DXB is now simply Dubai International
With construction under way on the new Dubai World Central airport, the existing Dubai International Airport (DXB) is continuing to grow, as planned, to allow it to be capable of handling 68 million pasengers in 2010, although current projections foresee an actual throughput of 50.8 million at that time (see chart). Here at the Dubai Air Show, the airport authority is unveiling a new logo and name. It is dropping the word “Airport,” thus the airport is to be called simply Dubai International.
DXB is part of the newly created Dubai Airports Co. (DAC), a subsidiary of the Dubai Department of Civil Aviation. On October 1, Paul Griffiths, formerly managing director of London Gatwick Airport, took over as the new company’s CEO.
The restructuring of the Department of Civil Aviation includes a strategy to develop the airport as a separate commercial business. In total, 3,500 of that government department’s employees are on the payroll at DXB.
As of early September, 118 airlines operated at the airport, connecting to some 200 destinations. Emirates Airline is still the dominant carrier, accounting for around 65 percent of all passengers.
Terminal 3, which is under construction, is to be dedicated exclusively to Emirates flights. It will be located underground, while its two concourses, Concourse 2 and Concourse 3, will be built at ground level alongside the taxiways.
The new buildings will look familiar if you are a user of Paris Charles de Gaulle Airport, as the terminal was designed by ADPi, the architecture and engineering subsidiary of France’s Aéroports de Paris.
Terminal 3 is now due to open next May 1, having been initially slated to start operations in 2006. According to an airport spokeswoman, the delay is the consequence of the late addition of several features, including the light rail network dubbed “Red line,” which is to link the airport to the city center. The current expansion phase for this ground transportation program is to be completed in 2010 at a cost of $5 billion– up from the original estimate of $4.1 billion.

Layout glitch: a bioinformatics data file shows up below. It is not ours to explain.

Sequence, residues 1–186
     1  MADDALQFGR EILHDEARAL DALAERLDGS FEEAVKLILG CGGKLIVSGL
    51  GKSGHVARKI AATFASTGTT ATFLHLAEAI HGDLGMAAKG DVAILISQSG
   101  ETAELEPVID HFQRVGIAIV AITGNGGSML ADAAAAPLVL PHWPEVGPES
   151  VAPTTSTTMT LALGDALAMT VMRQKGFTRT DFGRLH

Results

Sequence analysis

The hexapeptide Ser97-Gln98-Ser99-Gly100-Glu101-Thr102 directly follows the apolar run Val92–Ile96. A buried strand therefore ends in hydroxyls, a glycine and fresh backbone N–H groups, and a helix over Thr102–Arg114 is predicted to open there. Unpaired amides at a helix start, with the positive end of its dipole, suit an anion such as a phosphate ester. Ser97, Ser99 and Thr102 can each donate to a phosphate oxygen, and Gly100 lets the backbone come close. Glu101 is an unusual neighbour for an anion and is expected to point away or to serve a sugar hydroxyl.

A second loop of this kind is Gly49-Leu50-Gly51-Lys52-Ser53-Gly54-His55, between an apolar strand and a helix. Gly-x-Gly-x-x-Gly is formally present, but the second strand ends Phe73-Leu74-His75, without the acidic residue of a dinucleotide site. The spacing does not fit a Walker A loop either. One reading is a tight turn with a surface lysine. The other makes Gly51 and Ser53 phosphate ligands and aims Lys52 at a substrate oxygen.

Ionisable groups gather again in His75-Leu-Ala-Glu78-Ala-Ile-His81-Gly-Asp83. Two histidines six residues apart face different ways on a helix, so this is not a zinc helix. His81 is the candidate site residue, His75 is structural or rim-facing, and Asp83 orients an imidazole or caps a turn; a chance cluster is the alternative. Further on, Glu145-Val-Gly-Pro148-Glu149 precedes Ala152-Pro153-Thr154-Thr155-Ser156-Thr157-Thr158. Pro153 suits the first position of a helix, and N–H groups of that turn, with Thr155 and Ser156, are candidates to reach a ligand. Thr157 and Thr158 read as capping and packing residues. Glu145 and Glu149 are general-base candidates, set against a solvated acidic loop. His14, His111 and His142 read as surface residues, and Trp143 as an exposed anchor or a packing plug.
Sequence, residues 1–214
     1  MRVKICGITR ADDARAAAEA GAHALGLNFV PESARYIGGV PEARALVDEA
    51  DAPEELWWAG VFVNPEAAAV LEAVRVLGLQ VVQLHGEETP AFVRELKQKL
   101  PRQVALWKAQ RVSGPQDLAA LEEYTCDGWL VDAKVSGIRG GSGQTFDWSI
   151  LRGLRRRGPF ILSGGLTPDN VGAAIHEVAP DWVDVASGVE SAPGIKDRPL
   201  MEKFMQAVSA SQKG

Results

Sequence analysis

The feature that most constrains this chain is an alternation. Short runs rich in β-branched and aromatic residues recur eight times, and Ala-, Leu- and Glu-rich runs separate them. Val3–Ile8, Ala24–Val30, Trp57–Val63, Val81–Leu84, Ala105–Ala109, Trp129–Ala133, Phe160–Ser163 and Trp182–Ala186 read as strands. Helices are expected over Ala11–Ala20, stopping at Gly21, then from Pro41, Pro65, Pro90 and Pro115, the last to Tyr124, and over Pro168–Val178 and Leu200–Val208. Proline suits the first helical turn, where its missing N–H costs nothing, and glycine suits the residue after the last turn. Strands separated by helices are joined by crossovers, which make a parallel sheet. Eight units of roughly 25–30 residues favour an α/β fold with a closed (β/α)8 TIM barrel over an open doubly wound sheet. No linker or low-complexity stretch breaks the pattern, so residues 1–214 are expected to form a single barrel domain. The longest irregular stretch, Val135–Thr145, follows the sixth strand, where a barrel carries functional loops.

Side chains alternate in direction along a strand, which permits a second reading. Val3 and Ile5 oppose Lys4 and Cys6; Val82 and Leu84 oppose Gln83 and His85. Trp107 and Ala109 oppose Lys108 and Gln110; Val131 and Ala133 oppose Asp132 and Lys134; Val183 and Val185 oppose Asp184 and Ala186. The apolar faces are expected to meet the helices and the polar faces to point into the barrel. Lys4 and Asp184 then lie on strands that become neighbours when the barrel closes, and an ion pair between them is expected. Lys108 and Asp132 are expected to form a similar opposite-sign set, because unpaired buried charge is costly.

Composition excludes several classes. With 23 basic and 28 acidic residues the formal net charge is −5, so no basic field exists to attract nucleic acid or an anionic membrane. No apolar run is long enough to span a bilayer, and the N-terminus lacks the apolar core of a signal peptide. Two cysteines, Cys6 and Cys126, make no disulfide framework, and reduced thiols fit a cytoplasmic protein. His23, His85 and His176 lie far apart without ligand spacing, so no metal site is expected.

With Emirates being the single biggest Airbus A380 customer, Dubai International is concentrating on being ready to receive the new super-large airliner. Eventually, DXB will have the capacity to handle 25 of the Airbus behemoths simultaneously.
Twenty-three of those 25 stands will be in Terminal 3, and at all of the stands, two-story boarding areas with accompanying passenger-loading bridges will allow for boarding or disembarking from both decks simultaneously.
In late August, Emirates and Airbus performed a seven-day program of A380 compatibility tests at DXB, including taxiway, runway and ground support equipment trials, as well as docking at the terminal gate and in Emirates’ maintenance facilities.
Not all the new A380 gates will be available immediately. Concourse 2, the first of Terminal 3’s two concourses, will have five. When completed in 2010 (two years later than planned), Concourse 3 will provide the other 18. DXB officials have refuted reports that the A380 delivery delays have had an impact on the airport’s expansion plans.
Terminal 3 and Concourse 2, with its car park, will accommodate travelers with no fewer than 157 elevators, 97 escalators and 82 moving walkways. In addition, people traveling from the check-in area at the lower level to the departure level above will experience a novel mode of transportation: A bank of four high-speed elevators, dubbed Skytrains, will accommodate a total of 188 passengers.
August is the seasonal peak month at DXB, where passenger throughput reached three million this past August–the airport’s highest ever rate for a single month. On average, June, July and August are peak season for Emirates Airline flights. This year, total passenger traffic for the airport itself should reach 33.5 million and grow steadily to 50.8 million in 2010 (see chart).